Should journalists be mere mouthpieces?

Like a Hollywood studio production line, doomsday scripts are deluging us. But as we know scripts can be scary; they need not necessarily be true.

In the search for a good story we cannot cross the boundaries of grace and indeed, of truth. Far too often these days the truth is becoming too large, too inconvenient, a burden to carry. Quotes are tampered with, conclusions need not derive from facts. And news anchors routinely shout down guests who dare to have an opinion different from the one that the channel seeks to propagate.

News anchors must learn that aggression is a state of mind, they are yet to recognize that it is not a moment to show off the range of expletives you possess. As Gandhiji said, ‘In a gentle way you can shake the world’.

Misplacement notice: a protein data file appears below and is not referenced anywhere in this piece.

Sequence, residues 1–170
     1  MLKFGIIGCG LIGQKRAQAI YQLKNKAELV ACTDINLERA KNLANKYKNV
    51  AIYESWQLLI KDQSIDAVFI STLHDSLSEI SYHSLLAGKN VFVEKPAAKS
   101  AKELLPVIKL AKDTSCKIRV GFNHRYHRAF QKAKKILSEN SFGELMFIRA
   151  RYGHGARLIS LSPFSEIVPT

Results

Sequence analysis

A news channel by its very nomenclature, tells the ‘news’. It doesn’t gossip, it can’t clothe conspiracy theories in holier garb because once it does so it no longer has the moral right to claim to be the ‘news’. It worries me as well that more and more young men and women are getting obsessed with reporting what happens off the field rather than on it. Should journalists be mere mouthpieces?

About the author- This piece is written by Vaidushya Parth, a law student at Narsee Monjee School of Law.

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